Background: Despite intensive efforts to engage people living with HIV in the United States, less than half of the youth aged 13 to 24 years achieve viral suppression. There is a clear and continued need for innovative behavioral programs that support optimizing adherence among young persons with HIV. Objective: There are 3 phases of this project. Phase 1 involves conducting focus groups to obtain feedback from youth about an existing technology-based antiretroviral therapy (ART) adherence intervention. Phase 2 will be used to conduct beta testing with youth to refine and finalize the YouTHrive (YT) intervention. Phase 3 is a randomized controlled trial (RCT) to test the efficacy of the YT intervention among youth living with HIV (YLWH). Methods: In phase 1, we will conduct 6 focus groups with approximately 8 youths (aged 15-19 years) and young adults (aged 20-24 years), each in 3 US cities to obtain (1) feedback from YLWH about the look and feel and content of an existing adult-focused Web-based ART adherence intervention and (2) suggestions for adapting the intervention for YLWH similar to themselves. Phase 2 will involve updating the existing intervention to include features and functionality recommended by YLWH in phase 1; it will conclude with beta testing with 12 participants to gain feedback on the overall design and ensure proper functionality and ease of navigation. For phase 3, we will enroll 300 YLWH in 6 US cities (Atlanta, Chicago, Houston, New York City, Philadelphia, and Tampa) into a 2-arm prospective RCT. Participants will be randomized 1:1 to YT intervention or control group. The randomization sequence will be stratified by city and use random permuted blocks of sizes 2 and 4. Participants randomized to the control condition will view a weekly email newsletter on topics related to HIV, with the exception of ART adherence, for 5 months. Participants randomized to the YT intervention condition will be given access to the YT site for 5 months. Study assessments will occur at enrollment and 5, 8, and 11 months post enrollment. The primary outcome that will be assessed is sustained viral load (VL), defined as the proportion of participants in each study arm who have suppressed VL at both the 5-and 11-month assessment; the secondary outcome that will be assessed is suppressed VL at both the 5-and 11-month assessment between drug-using and nondrug-using participants assigned to the YT intervention arm. Results: Participant recruitment began in May 2017 for phase 1 of the study. The data collection for aim 3 is anticipated to end in April 2020. Conclusions: The efficacy trial of the YT intervention will help to fill gaps in understanding the efficacy of mobile interventions to improve ART adherence among at-risk populations.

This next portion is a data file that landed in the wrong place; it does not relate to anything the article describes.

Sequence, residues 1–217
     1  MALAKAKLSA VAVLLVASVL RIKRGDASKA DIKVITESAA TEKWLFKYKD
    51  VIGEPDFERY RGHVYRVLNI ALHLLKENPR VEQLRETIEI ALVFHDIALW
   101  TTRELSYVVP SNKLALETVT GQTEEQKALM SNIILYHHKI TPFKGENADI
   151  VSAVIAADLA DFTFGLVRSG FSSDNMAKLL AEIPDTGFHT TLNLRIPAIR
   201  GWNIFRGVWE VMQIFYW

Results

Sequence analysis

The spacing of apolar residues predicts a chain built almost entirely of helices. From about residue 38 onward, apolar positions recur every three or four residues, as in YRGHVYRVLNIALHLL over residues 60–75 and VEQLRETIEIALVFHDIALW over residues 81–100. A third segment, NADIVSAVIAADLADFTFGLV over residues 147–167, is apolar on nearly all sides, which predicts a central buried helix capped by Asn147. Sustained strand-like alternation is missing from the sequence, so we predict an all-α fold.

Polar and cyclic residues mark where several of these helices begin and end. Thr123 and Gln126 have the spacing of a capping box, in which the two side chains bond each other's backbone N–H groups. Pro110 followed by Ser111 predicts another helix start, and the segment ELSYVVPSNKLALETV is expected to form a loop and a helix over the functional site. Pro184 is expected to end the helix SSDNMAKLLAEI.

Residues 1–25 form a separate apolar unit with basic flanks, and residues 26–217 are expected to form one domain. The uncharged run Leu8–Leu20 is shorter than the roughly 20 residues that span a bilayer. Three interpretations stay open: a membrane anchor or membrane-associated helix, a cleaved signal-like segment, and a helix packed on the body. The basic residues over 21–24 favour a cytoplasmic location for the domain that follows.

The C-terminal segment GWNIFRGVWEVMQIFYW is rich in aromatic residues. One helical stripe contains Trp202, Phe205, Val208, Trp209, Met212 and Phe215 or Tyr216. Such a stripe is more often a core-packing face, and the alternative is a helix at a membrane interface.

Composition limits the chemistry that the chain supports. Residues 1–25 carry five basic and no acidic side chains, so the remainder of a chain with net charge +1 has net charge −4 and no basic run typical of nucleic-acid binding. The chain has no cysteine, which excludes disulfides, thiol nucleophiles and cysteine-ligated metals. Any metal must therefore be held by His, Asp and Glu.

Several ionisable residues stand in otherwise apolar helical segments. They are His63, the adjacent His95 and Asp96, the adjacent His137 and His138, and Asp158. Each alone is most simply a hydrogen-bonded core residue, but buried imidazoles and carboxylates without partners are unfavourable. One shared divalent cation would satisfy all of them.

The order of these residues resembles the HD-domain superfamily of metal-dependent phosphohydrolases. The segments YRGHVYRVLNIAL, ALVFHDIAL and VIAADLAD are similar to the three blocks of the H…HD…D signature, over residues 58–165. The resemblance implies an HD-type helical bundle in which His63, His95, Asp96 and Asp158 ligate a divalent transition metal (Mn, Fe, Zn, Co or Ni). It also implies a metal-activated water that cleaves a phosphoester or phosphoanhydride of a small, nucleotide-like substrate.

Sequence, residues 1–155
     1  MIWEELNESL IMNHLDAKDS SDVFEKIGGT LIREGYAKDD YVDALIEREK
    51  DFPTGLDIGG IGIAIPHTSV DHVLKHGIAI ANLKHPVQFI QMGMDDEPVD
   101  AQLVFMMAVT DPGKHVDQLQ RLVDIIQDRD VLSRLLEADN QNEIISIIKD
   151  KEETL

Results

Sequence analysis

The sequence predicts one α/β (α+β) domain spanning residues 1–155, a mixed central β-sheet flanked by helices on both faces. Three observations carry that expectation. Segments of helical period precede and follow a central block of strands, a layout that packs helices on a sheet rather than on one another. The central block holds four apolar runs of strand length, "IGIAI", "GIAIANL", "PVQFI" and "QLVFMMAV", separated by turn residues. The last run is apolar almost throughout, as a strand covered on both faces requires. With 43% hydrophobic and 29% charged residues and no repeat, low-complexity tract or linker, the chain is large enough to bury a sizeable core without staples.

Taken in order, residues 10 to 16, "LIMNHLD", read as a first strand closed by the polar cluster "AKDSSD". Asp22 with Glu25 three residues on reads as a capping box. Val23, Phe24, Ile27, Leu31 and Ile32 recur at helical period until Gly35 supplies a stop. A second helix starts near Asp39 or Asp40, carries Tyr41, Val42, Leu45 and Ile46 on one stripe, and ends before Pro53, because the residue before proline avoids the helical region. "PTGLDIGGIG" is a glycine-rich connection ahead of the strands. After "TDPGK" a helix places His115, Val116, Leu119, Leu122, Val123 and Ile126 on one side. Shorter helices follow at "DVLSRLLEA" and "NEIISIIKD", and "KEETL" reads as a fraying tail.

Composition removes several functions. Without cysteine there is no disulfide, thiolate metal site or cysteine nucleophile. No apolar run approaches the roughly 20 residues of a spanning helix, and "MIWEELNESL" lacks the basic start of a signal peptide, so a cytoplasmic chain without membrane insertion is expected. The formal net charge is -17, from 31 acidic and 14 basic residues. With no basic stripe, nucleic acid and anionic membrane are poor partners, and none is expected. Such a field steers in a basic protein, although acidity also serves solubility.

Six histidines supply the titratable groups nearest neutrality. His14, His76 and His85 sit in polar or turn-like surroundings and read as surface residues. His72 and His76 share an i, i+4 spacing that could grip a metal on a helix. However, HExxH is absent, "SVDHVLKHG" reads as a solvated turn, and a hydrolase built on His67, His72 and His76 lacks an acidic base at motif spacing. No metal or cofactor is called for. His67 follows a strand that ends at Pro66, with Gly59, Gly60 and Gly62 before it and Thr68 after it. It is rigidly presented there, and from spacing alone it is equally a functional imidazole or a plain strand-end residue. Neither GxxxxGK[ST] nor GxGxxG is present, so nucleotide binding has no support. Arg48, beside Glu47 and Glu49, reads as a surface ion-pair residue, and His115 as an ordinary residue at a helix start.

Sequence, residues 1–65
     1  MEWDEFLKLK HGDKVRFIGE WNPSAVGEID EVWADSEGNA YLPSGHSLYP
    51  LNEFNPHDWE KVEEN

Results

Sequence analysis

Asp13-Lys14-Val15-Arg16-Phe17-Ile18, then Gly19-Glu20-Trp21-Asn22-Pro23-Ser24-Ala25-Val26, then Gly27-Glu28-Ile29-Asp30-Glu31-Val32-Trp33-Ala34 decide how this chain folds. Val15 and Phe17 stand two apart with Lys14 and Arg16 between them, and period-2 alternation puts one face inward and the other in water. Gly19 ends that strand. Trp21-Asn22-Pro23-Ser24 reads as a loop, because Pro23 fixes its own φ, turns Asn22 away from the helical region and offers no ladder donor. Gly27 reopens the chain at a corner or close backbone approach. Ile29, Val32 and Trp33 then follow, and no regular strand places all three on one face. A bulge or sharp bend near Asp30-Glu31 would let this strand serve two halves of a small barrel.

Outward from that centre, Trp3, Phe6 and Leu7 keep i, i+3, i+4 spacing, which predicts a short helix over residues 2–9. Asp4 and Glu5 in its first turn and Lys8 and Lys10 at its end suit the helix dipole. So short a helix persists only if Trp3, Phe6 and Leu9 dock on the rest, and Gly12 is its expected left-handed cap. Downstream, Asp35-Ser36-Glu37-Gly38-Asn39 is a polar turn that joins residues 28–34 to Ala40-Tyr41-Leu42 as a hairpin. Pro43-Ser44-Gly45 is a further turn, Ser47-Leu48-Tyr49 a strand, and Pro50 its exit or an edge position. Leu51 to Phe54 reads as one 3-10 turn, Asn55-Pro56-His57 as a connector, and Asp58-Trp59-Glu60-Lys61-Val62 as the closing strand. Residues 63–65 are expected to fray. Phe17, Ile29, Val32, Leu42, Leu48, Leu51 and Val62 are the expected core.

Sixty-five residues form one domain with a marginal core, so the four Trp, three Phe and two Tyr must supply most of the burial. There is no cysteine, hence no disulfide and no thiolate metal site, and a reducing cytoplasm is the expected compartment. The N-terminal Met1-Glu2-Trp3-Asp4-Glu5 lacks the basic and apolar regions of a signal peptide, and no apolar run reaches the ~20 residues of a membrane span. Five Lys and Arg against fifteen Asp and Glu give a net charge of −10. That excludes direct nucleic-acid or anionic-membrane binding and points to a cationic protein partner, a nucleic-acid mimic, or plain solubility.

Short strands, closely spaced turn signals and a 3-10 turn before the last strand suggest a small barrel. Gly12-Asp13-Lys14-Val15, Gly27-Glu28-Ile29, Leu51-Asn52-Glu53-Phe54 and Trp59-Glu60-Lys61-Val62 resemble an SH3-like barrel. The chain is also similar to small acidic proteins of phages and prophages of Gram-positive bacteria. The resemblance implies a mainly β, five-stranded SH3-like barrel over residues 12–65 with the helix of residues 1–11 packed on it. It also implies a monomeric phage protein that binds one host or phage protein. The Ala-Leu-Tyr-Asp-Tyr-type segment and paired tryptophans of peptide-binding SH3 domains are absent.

Bibliographical noteFunding Information:
This work was supported by the National Institutes of Health Adolescent Medicine Trials Network for HIV/AIDS Interventions (ATN 138; MPI: Horvath & Amico) as part of and the UNC/Emory Center for Innovative Technology (iTech; principal investigators: Dr Hightow-Weidman/Sullivan, 1U19HD089881). The content is solely the responsibility of the authors and does not represent the official views of the funding agencies. The authors would like to thank Adi Ferrara, MS, ELS, for help in the preparation of this study.
© 2019 Geoff McCombe, Aine Harrold, Katherine Brown, Liam Hennessy, Mary Clarke, David Hanlon, Sinead O'Brien, John Lyne, Ciaran Corcoran, Patrick McGorry, Walter Cullen.
- Antiretroviral therapy
- Mobile apps
- Mobile phone
- Treatment adherence